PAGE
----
An astonishing variety of theatrical performances may be seen in the eight countries of Southeast Asia—Burma, Cambodia, Indonesia, Laos, Malaysia, the Philippines, Thailand, and Vietnam. James Brandon spent more than three years observing and interviewing troupe members in these countries. He describes twenty-five of the most important theatrical forms, grouping them according to their origins as folk, court, popular, or Western theatre. He considers the theatre from four perspectives: its origins, its art, its role as a social institution, and its function as a medium of communication and propaganda. Brandon’s wide-ranging and lively discussion points out interesting similarities and differences among the countries, and many of his superb photographs are included here.
A masterpiece of knowledge.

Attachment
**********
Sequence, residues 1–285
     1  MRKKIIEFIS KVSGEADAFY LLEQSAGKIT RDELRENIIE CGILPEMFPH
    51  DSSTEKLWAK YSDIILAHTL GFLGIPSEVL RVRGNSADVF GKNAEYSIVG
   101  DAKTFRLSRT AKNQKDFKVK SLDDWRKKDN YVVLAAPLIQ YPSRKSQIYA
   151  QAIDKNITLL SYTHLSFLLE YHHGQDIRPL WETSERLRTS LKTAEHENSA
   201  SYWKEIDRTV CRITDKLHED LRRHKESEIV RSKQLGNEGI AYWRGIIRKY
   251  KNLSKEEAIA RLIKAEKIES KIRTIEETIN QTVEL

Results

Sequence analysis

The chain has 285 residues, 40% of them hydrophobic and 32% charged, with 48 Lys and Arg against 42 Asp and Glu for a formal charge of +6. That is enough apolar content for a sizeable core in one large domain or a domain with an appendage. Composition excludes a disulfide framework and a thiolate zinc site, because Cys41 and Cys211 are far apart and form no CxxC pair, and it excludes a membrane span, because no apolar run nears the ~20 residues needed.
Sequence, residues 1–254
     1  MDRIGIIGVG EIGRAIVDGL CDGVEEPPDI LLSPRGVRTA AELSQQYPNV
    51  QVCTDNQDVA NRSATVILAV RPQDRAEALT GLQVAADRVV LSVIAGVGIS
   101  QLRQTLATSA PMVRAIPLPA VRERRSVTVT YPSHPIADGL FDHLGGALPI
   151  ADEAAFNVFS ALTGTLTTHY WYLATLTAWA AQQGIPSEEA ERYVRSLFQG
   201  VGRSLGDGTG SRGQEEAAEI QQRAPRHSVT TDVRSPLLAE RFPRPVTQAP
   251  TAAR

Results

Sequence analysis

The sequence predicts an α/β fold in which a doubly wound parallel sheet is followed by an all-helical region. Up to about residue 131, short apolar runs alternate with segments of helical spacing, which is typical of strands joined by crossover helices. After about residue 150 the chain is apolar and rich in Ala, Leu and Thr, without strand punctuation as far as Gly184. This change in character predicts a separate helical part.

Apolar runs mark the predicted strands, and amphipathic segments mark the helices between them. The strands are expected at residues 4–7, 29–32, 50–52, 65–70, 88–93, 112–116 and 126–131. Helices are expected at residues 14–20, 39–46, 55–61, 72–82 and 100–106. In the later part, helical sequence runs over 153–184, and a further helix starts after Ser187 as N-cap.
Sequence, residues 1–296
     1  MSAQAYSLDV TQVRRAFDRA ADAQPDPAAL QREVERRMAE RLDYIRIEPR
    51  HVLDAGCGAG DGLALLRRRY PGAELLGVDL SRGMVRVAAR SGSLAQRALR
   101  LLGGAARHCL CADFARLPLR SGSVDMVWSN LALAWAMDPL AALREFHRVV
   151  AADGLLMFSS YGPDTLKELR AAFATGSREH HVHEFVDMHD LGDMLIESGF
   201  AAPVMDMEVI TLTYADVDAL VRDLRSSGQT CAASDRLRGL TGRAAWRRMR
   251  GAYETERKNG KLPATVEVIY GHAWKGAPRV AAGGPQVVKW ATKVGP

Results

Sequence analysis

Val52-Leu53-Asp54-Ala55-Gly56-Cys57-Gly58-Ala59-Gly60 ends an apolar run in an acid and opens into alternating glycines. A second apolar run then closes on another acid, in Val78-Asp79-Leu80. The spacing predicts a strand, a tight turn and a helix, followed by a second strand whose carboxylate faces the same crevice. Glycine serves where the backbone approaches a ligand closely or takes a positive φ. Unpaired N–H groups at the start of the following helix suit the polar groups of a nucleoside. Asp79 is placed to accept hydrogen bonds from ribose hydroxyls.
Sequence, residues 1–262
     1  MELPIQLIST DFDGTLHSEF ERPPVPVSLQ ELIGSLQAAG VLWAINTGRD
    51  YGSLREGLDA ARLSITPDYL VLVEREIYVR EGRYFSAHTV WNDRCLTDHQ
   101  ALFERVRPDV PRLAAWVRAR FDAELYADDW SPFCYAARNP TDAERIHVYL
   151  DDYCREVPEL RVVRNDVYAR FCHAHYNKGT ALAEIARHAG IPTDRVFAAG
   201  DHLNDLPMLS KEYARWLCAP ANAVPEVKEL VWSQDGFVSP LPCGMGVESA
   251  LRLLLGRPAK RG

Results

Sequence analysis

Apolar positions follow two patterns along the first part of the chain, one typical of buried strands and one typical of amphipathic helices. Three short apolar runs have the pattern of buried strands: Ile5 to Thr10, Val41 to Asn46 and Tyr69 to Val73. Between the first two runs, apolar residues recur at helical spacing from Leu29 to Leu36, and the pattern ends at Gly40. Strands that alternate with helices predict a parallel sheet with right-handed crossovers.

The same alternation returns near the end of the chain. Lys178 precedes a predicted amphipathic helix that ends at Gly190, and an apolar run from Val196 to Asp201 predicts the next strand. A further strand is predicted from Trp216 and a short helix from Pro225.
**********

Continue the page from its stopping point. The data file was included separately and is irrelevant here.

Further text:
A compendium of information and a valuable contribution of its kind… [A]n excellent text for Asian background courses and it goes without saying that for theatre students it is an essential source of reference. Even those Olympians, the sociologists, will find grist for their mills… [I]t is one of those works we can expect to find quoted and requoted.
A most welcome and long awaited first survey… [A]n immensely entertaining and readable style.
- 448 pages
- 6 x 9-1/4 inches
- Harvard University Press
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